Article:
[TowerTalk] Effects of Oxidation on Copper Antenna Wire

David Gilbert xdavid at cis-broadband.com
Tue Apr 24 15:37:42 EDT 2018

That being said, the loss would probably have to be significant for it 
to show up as a perceivable difference in radiated RF, especially if you 
were to assume that you could match any difference in impedance caused 
by the oxidation.  I doubt anyone can tell the difference in signal from 
a dipole made with #14 wire versus one made with #22 wire.

Dave   AB7E

On 4/24/2018 12:26 PM, David Gilbert wrote:
> I'm not sure what the effect on radiation efficiency could be, but I 
> can think of a possible way to see if it has any effect at all.
> 1.  Put up a 20m dipole comprised of shiny new wire.  Measure it's 
> impedance vs frequency curve.
> 2.  Put up a second closely coupled dipole cut roughly 4% - 5% shorter 
> and made with shiny wire parallel to and spaced a few inches away from 
> the first dipole.  Measure the impedance curve of the first dipole 
> again.  There should be some difference.
> 3.  Replace the second dipole with one made of heavily oxidized wire 
> of the same type/length and measure the impedance curve of the first 
> dipole a third time.
> You'd want to make sure the lengths and spacings are almost exactly 
> the same in both cases, but if you are able to do so and the second 
> and third curves are not pretty similar there is possibly some effect 
> due to the oxidation.
> Just a thought.
> 73,
> Dave AB7E
> On 4/24/2018 12:05 PM, Shawn Donley wrote:
>> Some recent posts on grounding reminded me of something I've always 
>> wondered about.   How is the radiation efficiency of a copper wire HF 
>> antenna affected by oxidation of the copper over time?   Empirical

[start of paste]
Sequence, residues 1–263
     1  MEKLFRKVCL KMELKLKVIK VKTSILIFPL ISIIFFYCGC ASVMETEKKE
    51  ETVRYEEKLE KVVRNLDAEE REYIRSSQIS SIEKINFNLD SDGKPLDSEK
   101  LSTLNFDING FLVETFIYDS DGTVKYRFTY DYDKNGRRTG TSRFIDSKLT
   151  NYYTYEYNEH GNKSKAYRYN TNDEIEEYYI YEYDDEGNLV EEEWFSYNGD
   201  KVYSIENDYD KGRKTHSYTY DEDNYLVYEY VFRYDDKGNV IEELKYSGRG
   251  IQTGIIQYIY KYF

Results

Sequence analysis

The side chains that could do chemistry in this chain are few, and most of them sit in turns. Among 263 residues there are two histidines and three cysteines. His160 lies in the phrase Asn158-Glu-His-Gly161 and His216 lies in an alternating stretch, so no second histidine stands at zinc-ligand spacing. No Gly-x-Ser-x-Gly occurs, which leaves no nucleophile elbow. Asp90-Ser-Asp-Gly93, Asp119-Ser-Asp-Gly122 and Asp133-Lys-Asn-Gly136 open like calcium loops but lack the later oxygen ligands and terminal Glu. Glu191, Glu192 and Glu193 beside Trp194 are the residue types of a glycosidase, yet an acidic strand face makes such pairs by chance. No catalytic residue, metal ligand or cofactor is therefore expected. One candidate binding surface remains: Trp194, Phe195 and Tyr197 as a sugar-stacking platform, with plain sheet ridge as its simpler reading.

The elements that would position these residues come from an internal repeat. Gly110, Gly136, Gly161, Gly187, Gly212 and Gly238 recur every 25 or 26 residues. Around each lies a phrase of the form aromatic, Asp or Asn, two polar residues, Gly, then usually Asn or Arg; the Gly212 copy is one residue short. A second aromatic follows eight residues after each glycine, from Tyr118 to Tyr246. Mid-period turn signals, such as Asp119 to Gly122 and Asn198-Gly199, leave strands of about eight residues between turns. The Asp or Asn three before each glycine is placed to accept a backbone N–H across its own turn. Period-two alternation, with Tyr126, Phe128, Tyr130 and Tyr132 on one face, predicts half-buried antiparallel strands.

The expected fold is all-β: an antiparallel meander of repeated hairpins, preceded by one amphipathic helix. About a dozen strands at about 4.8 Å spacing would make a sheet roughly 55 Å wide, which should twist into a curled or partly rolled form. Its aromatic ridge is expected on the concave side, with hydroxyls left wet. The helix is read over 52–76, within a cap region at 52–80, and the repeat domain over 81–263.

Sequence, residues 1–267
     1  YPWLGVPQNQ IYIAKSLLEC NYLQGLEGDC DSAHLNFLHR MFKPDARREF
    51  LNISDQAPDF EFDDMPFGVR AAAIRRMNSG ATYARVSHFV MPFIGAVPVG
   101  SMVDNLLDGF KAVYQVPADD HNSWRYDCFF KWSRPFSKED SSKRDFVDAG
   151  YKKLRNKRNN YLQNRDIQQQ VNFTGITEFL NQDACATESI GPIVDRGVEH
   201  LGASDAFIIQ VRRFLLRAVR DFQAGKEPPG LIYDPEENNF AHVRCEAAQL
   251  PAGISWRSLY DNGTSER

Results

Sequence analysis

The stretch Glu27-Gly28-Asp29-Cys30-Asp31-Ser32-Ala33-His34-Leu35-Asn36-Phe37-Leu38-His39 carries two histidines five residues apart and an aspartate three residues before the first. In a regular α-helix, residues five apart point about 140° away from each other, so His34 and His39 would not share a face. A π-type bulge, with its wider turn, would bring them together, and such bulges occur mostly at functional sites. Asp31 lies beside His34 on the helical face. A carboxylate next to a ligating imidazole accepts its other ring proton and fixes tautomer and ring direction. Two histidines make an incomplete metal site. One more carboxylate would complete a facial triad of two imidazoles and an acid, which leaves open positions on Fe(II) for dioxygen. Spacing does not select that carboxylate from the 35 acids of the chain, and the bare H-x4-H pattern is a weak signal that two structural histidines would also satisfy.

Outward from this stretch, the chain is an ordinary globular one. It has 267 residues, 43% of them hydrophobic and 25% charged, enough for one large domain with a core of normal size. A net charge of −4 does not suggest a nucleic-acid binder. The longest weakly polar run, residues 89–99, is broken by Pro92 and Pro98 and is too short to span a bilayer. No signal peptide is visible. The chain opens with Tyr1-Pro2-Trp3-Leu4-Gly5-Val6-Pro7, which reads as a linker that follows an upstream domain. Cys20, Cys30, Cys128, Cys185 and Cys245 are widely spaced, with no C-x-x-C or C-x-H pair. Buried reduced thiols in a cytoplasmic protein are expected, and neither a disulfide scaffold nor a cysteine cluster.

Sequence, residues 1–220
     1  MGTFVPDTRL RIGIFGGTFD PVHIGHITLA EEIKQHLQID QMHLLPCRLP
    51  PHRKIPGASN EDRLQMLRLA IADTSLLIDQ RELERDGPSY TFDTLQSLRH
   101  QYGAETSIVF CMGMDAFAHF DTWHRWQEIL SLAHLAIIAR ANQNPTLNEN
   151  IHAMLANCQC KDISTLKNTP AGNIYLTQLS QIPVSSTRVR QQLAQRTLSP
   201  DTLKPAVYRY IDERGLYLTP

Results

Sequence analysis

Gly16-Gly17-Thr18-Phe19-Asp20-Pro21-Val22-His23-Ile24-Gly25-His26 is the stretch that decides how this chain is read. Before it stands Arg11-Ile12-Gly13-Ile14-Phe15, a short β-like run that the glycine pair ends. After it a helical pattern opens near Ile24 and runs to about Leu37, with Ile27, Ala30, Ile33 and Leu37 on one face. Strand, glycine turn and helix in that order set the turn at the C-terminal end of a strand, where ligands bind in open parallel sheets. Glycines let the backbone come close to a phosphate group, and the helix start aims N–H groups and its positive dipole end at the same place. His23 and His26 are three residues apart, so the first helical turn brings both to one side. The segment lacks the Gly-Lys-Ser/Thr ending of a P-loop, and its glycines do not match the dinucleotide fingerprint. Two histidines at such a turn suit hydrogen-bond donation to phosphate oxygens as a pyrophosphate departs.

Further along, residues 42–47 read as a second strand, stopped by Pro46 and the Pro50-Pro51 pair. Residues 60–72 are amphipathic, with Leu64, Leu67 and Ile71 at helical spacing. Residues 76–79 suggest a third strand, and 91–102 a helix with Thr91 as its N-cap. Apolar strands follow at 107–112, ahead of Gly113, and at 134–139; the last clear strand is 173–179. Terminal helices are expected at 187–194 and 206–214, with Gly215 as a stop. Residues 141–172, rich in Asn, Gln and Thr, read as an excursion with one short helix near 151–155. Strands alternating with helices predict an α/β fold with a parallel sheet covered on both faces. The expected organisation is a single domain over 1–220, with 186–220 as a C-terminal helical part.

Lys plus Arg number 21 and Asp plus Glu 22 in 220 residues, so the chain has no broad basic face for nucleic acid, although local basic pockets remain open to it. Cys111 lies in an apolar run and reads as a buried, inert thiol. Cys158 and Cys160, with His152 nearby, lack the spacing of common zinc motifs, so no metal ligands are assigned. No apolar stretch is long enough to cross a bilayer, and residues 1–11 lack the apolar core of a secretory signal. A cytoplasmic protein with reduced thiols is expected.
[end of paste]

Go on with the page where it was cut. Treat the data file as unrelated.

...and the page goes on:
>> evidence is that any effects are small/negligible, otherwise the 
>> dipole you put up last year would not work so well this year.  My 
>> limited understanding is that the two oxides of copper, Cuo and Cu2O, 
>> are semiconductors.  So after a while, the outside of the wire is 
>> covered by something approaching an insulator (relative to clean 
>> copper conductivity).  The depth of the oxide, as far as I could 
>> research, is on the order of 100 nano-meters.  OK...so the RF current 
>> is forced under the oxide and follows the skin depth with frequency 
>> relationship.  Not much effect on the current or the "RF resistance" 
>> of the wire, if I can be forgiven for using that term.  But what 
>> about stranded copper wire?  That's where things might get 
>> interesting.  Does the skin effect with clean copper wire
>>      cause the RF to stay on the outside of the overall collection of 
>> strands, all of which have good contact with their adjacent strands?  
>> If so, what happens when all the individual strands are oxidized and 
>> not in low resistance contact with their partners?    Anyone know of 
>> actual measurements of the effects of oxidation or how such a 
>> measurement would be done? Short of measuring the Q of a tuned 
>> circuit built with "clean" and oxidized wire inductors, I'm not sure 
>> how you could measure the effect and even less sure of how those 
>> measurements would translate to the original question...effects on 
>> the radiation efficiency of an antenna.
>> N3AE
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